Originally Published: 1989
Author: Jon Pareles
Alice Cooper was, unfortunately, a pop-culture prophet in the mid-1970's. Long before MTV, he realized that rock could be treated as a theatrical spectacle, and he anticipated slasher movies by putting his hard-rock songs behind blood-splattered, Grand Guignol vignettes. For audiences that wanted jokey titillation, Mr. Cooper became the tasteless entertainment of choice, and every so often he'd come up with a well-made hit single.
At his best, songs like "School's Out" and "Eighteen," he could probe taboos and summon a spirit of nihilistic anarchy, though he was usually better on concept than on follow-through. But he couldn't keep topping himself, and by the end of the 1970's, while Mr. Cooper had become a regular on the game show "Hollywood Squares," punk-rock and heavy metal had stolen his thunder.
On Monday night at the Ritz, Mr. Cooper gave his first New York performance since 1981, acting like the same old ghoul for a packed room. Still skinny, with mascaraed eyes, a mop of black hair and a half-dozen leather jackets, he revived some of his old shtick and tried to look menacing in the relatively tame songs from his new album, "Trash" (Epic Records).
To update himself, Mr. Cooper has collaborated with Desmond Child, the producer of Bon Jovi, in full-bodied, cliche-proud songs that compara love and lust to "poison," " a bed of nails" and "a house of fire"; another declares "This Maniac's in Love With You." His growling voice is intact, and his band is thoroughly competent, but the songs are retreads.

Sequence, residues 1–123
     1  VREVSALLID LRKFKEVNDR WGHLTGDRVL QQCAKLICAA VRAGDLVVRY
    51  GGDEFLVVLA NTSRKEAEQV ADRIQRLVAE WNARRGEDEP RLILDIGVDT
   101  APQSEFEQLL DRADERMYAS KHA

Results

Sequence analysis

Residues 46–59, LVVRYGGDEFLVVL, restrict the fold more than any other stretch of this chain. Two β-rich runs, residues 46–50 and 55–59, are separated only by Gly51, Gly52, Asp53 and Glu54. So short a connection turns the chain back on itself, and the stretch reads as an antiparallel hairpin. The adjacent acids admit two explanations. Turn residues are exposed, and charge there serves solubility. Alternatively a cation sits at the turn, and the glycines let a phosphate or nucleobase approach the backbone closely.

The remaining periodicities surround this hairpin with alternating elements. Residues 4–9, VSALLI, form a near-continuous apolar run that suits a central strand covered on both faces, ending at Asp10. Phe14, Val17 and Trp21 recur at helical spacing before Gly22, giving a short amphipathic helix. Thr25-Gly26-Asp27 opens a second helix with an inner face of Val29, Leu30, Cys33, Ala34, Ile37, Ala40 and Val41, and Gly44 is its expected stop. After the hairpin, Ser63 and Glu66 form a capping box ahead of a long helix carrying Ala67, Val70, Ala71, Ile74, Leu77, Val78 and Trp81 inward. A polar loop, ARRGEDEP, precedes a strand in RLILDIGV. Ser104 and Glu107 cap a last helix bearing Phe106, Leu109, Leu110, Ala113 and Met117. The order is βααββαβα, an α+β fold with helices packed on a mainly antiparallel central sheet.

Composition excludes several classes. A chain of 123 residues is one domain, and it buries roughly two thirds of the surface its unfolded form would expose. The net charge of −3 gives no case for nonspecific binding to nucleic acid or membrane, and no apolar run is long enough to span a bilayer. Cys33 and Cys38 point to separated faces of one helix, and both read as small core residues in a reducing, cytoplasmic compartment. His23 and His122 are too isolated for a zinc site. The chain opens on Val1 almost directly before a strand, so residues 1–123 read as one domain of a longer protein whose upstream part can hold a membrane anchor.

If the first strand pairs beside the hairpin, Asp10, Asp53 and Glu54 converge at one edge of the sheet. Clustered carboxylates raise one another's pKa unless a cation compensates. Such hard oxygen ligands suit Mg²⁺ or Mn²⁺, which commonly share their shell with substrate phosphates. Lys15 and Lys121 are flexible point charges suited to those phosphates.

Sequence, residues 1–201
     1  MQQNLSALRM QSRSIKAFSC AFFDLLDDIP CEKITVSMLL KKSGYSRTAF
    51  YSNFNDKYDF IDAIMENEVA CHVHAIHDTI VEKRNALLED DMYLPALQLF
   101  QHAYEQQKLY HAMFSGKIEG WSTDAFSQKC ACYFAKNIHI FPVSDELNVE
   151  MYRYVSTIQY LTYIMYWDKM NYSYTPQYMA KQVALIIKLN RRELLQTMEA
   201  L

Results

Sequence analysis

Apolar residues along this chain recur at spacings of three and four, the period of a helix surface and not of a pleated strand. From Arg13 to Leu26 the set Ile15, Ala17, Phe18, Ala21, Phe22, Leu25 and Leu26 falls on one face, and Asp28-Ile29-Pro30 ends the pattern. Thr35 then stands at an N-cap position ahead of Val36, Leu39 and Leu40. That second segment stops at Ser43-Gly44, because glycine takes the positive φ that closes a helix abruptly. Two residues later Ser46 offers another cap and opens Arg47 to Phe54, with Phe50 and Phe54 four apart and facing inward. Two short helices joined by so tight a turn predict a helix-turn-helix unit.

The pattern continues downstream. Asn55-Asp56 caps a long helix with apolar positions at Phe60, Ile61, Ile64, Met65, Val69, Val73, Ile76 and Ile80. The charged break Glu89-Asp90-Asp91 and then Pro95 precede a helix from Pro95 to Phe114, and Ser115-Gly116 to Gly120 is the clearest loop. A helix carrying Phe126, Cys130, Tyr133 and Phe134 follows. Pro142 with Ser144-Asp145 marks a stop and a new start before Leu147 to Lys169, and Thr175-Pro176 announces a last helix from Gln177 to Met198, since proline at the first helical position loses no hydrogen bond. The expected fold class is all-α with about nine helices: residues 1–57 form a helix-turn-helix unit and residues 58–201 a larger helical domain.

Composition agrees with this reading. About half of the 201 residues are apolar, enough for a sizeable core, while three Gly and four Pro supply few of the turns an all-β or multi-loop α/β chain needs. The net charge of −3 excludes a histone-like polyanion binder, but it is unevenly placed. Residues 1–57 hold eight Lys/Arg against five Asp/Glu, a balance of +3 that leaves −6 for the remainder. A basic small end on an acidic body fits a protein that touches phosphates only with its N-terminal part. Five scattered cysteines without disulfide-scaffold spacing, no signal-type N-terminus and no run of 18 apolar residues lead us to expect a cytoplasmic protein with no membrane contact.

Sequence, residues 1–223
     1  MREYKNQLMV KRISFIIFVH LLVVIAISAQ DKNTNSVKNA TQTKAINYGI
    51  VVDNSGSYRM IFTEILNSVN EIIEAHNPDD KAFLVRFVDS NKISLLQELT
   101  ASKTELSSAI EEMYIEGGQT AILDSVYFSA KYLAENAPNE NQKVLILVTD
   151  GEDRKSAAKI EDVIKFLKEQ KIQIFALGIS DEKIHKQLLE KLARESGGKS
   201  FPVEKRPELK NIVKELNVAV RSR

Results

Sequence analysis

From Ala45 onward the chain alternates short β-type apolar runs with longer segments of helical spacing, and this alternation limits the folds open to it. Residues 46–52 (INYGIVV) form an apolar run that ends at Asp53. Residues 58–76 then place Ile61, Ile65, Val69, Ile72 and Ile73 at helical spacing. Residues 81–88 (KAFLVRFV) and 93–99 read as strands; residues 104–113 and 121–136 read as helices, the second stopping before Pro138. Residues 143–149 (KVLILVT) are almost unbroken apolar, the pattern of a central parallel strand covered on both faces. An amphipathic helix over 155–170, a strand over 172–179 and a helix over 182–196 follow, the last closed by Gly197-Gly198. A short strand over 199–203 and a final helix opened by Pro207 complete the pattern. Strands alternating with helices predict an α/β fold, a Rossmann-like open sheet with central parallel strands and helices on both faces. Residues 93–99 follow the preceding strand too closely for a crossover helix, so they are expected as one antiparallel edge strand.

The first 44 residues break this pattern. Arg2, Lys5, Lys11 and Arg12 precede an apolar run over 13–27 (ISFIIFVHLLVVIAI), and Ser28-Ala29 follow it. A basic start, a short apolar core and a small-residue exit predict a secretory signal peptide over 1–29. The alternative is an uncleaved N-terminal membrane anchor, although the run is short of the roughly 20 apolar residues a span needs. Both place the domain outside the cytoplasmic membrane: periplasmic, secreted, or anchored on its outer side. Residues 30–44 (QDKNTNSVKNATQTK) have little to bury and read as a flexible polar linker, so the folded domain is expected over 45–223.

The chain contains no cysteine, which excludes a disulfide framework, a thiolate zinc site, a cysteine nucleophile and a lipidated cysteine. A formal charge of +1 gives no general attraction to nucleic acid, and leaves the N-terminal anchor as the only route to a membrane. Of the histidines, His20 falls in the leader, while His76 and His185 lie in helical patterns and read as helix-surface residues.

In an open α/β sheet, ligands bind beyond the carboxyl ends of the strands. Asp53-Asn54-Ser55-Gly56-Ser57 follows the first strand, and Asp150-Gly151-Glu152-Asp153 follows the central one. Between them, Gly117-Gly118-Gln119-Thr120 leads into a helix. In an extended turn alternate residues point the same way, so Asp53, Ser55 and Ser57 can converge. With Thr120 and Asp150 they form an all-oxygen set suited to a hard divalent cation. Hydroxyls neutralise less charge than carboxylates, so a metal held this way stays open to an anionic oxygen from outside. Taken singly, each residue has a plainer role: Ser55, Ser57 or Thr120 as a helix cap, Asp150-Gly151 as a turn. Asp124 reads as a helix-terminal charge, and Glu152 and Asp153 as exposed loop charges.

The audience, which looked a decade older than a typical Ritz crowd, was there for the blood and oldies, and Mr. Cooper obliged. He deployed a Freudian's bouquet of phallic symbols - a riding crop, a sword, a pool cue, a rolled-up poster, a cane - and replayed old roles as the music grew a little rougher.
He was a straitjacketed madman and a juvenile delinquent (singing the Jets' song from "West Side Story"); he acted out strangling a nurse and slitting another woman's throat, thus presenting nearly enough ugly, anti-female violence for a typical prime-time cop show. To top "I Love the Dead" he was "guillotined"; then a band member held up the head, which spurted stage blood on the happy audience.
Mr. Cooper makes clear that his threat is pure show business; if he ever seemed truly frightening, that moment has passed. And at the end of "Under My Wheels," he unfurled and waved a large American flag, cackling, "Only in America."